When an individual applies for a new job it is common practice for many businesses to ask for a national police check, with the applicant’s written consent.
What does a national police check cover
If you’re not familiar with this procedure, here is what will appear on a national police check.
When your potential employer applies for a check, the National Police Certificate will include all information related to past offenses committed in all Australian states and territories.
People with no criminal history can expect a document marked NDCO, which means No Disclosable Court Outcomes.
Disclosable Court Outcomes (DCO) means that there is information related to criminal convictions or charges brought against the individual under verification. These may include court convictions, even if no penalty or sentence was imposed, findings of guilt with no conviction, traffic offences as well as pending charges for each the individual has not yet appeared in court.
What does not appear on a national police check
A national police check does not list information regarding spent convictions. The term refers to less serious federal, state or territory offences committed many years ago. For Australia, the period after which a conviction is considered spent is 10 years, or 5 for juvenile defendants. For New Zealand, a conviction is spent after 7 years.
Also, the certificate will not include convictions for which the individual has been granted a pardon because he was wrongly convicted or convictions that have been quashed.
At the same time, in some states the legislation allows for a result of trial ‘Without Conviction’ to be considered “spent” before the usual waiting period has elapsed. Accordingly, information about such an offence will not be included in the results. If you have doubts, you need to check with the Criminal Records in the State where the offence was committed to see if this is the case. If you are applying for a national police check victoria, then you will need to contact the criminal records section of the Victoria (VIC) police force. People applying for a job are not required to disclose information about spent convictions during a job interview.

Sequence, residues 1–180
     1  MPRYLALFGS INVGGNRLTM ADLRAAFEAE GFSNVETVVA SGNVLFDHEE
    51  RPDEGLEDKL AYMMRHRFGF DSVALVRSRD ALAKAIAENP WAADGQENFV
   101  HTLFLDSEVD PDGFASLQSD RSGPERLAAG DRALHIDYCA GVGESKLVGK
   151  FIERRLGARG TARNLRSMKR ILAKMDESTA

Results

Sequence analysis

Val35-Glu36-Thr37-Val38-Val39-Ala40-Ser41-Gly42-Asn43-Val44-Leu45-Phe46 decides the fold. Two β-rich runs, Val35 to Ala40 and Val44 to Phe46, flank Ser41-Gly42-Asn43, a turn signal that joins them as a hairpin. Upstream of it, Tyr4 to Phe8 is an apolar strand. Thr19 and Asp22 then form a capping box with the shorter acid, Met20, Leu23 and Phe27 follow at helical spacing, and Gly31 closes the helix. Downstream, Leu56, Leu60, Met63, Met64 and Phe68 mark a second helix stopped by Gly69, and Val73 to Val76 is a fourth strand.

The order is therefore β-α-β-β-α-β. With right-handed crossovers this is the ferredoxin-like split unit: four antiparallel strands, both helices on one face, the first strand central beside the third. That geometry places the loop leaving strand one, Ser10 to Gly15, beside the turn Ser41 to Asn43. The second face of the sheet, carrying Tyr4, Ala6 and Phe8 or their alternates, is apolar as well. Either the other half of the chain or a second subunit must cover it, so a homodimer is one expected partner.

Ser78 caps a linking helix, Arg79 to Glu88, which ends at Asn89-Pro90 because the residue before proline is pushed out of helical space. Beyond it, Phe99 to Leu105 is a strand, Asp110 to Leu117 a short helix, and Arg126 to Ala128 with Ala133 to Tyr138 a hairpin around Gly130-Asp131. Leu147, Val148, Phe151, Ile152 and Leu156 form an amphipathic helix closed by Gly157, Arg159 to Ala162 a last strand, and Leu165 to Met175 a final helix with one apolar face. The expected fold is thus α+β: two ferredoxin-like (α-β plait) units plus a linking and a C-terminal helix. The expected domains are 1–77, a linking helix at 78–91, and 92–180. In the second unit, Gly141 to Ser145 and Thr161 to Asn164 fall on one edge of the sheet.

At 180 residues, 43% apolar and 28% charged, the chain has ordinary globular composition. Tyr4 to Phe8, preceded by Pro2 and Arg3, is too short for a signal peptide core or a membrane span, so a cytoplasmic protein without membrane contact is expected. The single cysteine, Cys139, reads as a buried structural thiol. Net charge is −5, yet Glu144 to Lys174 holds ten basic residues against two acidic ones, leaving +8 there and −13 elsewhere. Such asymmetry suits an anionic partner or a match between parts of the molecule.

Working with children and vulnerable people
Most companies use online agencies to run a background screening on a prospective employee. The certificate issue by such an accredited body is 100% valid and covers all Australian states and territories.
However, employers and job seekers need to know that such national police checks may not be considered to be enough when the applicant will be working with children or vulnerable people.
Under a law that came into effect in July 2019, any individual who will be working or or volunteering with children must pass a very strict check. Some of the professions requiring additional verification are teachers, childcare workers, emergency services personnel, health workers or volunteers for children’s organisations.
To assess if a person is suitable to work in such an environment, even spent convictions may be disclosed. Each state and territory has a number of screening units that can conduct Working with Children Checks, which online agencies cannot perform.
A working with children registration is different to a national police check and in Australia it can only be conducted by an authorised government screening unit. The check also takes into account spent convictions and all history of the applicant in an attempt to determine whether or nor the applicant will pose a level of risk that may be considered inappropriate for a person working with the most vulnerable members of the community (children), and if the character of the person will be deemed suitable for such a role within the community.